UK employers are reeling from the largest drop in available candidates in over a year and are struggling to fill vacancies - ahead of the full impact of Brexit.
According to a report from the Recruitment and Employment Confederation (REC), before potential restrictions on immigrants working in the UK have been applied, firms are reporting skills shortages across a variety of roles, including engineers, IT specialists, care workers and accountants – The Guardian reports.
The Markit/REC Report on Jobs found that permanent vacancies slightly slowed in April, whereas posts for temporary billings rose at the sharpest pace for four months. However, the report witnessed the steepest drop in candidate availability for 16 months.
REC’s Chief Executive, Kevin Green, said that the shortfall of candidates requires government intervention to invest in training and career advice and to ensure employers can still access workers from abroad once the UK left the EU.
“Demand for staff is growing within all sectors and all regions of the UK, but there are fewer and fewer people available to fill the vacancies,” Green said.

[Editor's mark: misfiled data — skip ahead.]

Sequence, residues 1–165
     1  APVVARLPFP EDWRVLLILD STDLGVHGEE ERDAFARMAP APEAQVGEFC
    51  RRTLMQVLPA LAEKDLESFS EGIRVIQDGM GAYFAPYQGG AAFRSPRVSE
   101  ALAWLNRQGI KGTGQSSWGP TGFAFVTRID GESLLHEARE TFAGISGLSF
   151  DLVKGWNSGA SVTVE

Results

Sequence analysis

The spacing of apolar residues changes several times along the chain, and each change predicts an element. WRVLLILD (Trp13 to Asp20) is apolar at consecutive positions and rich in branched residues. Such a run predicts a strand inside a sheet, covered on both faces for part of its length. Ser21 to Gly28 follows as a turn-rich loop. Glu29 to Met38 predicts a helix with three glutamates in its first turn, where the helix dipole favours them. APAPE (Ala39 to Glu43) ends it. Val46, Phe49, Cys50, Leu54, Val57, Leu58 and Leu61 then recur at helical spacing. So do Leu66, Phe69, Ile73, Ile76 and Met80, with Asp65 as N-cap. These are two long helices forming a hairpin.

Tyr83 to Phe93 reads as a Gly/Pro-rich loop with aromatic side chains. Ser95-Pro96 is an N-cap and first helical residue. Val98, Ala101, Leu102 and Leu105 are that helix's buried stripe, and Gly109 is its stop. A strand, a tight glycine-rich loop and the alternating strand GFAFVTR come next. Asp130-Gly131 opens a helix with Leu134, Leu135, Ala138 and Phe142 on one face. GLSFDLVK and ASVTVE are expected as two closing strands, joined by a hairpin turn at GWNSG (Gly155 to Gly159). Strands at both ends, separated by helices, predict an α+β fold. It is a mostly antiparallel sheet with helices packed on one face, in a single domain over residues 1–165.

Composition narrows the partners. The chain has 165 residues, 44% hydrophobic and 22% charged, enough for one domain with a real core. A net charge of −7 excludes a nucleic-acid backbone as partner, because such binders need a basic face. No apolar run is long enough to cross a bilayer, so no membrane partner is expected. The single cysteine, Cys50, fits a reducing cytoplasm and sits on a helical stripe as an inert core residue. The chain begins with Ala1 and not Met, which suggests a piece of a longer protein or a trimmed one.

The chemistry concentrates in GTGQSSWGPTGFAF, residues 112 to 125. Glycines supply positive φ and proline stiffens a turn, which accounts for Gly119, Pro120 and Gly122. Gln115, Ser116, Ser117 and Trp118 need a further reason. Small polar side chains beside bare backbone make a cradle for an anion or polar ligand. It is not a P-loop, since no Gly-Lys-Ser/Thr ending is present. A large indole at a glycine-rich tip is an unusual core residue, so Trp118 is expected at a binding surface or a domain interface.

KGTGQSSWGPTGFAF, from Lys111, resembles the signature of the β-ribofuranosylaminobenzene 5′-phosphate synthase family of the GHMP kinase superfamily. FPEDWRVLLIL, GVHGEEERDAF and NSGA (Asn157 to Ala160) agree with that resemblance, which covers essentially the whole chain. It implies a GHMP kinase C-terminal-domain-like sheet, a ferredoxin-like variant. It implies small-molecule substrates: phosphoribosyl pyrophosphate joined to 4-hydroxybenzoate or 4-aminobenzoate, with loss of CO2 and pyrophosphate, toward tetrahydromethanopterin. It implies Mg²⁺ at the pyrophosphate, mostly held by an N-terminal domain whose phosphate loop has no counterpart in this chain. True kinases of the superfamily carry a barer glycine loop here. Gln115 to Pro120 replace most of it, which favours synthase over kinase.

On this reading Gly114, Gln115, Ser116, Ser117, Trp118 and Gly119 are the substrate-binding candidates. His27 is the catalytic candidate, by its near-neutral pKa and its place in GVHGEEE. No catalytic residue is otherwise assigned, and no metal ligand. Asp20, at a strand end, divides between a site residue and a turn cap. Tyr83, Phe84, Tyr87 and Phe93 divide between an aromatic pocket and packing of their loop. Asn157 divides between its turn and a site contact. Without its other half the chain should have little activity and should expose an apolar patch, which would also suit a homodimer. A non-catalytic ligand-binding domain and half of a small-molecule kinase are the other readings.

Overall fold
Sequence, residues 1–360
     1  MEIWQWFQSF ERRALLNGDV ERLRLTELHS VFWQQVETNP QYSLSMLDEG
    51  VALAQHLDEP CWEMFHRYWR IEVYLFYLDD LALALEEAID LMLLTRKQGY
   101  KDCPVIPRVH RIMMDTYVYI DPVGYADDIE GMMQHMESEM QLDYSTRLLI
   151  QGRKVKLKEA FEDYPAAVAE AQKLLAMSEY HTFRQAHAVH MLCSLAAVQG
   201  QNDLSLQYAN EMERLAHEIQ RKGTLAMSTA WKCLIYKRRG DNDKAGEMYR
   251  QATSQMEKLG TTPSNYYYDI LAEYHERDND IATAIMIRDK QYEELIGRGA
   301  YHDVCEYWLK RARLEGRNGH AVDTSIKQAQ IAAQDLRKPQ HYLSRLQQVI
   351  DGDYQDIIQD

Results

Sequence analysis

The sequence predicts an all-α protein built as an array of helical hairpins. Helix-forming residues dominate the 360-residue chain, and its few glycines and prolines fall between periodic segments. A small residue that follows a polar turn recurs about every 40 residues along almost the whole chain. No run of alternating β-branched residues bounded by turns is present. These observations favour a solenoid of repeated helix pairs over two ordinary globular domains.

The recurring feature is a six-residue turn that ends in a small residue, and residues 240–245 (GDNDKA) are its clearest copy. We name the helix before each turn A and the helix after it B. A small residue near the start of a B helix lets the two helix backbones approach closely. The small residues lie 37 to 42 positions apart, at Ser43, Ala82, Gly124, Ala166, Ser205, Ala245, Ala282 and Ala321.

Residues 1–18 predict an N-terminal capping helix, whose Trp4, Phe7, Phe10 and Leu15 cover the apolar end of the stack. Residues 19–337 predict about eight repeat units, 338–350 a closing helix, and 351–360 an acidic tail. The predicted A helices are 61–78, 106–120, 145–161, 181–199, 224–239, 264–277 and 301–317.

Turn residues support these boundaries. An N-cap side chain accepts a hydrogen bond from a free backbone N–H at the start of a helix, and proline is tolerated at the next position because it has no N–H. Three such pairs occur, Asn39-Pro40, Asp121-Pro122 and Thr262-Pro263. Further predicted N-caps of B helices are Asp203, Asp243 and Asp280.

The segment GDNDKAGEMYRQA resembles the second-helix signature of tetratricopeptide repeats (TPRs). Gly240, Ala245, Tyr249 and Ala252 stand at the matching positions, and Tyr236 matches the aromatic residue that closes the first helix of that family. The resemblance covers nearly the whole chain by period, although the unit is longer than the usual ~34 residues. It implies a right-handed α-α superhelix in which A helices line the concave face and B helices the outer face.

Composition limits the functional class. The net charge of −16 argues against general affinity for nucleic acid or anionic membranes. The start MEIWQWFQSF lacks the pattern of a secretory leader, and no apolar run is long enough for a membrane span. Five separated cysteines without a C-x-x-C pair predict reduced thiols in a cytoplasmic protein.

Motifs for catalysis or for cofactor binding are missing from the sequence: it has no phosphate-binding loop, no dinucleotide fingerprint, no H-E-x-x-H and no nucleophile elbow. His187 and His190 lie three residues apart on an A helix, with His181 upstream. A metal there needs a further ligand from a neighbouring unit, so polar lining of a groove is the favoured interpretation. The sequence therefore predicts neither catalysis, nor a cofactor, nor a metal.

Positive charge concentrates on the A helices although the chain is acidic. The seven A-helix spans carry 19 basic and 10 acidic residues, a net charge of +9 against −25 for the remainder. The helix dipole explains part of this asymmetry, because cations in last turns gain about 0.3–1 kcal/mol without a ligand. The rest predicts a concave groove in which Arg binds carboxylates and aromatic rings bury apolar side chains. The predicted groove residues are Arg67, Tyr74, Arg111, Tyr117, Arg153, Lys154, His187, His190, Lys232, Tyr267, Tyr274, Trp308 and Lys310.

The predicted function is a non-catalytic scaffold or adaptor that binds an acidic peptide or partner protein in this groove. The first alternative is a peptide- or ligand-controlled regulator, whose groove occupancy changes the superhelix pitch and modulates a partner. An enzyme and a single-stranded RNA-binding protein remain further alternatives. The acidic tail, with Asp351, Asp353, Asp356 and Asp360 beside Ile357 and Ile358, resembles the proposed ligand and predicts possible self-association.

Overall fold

“We have the lowest unemployment rate since 2005 and people already in work are becoming more hesitant about moving jobs amid Brexit uncertainty. Meanwhile, the weakening pound and lack of clarity about future immigration rules is putting off some EU nationals from taking up roles in the UK.”
Perhaps in a bid to secure talent, hourly pay rates for short-term staff increased at the sharpest pace in 2017 so far. Growth in permanent starting salaries reached a four-month low in April albeit remaining stronger than average.
London had the slowest increase in permanent placements, whereas The Midlands and Scotland had the fastest rates of expansion. Scotland and London led the way in temporary billing growth.
The growth in temporary billings adds to employee fears surrounding unstable work, with controversial zero hour contracts and being categorised as ‘self-employed’, meaning no access to sick or holiday pay.
In response to growing concerns, last year, Theresa May last year commissioned a review of modern employment from Matthew Taylor, the head of the Royal Society of Arts (RSA).
Ahead of a speech on Tuesday evening, Taylor told the BBC that his review, which will be delivered shortly after the election, will call for a mix of new tax rules and workplace regulations as well as the promotion of a "new norm" around how businesses treat employees.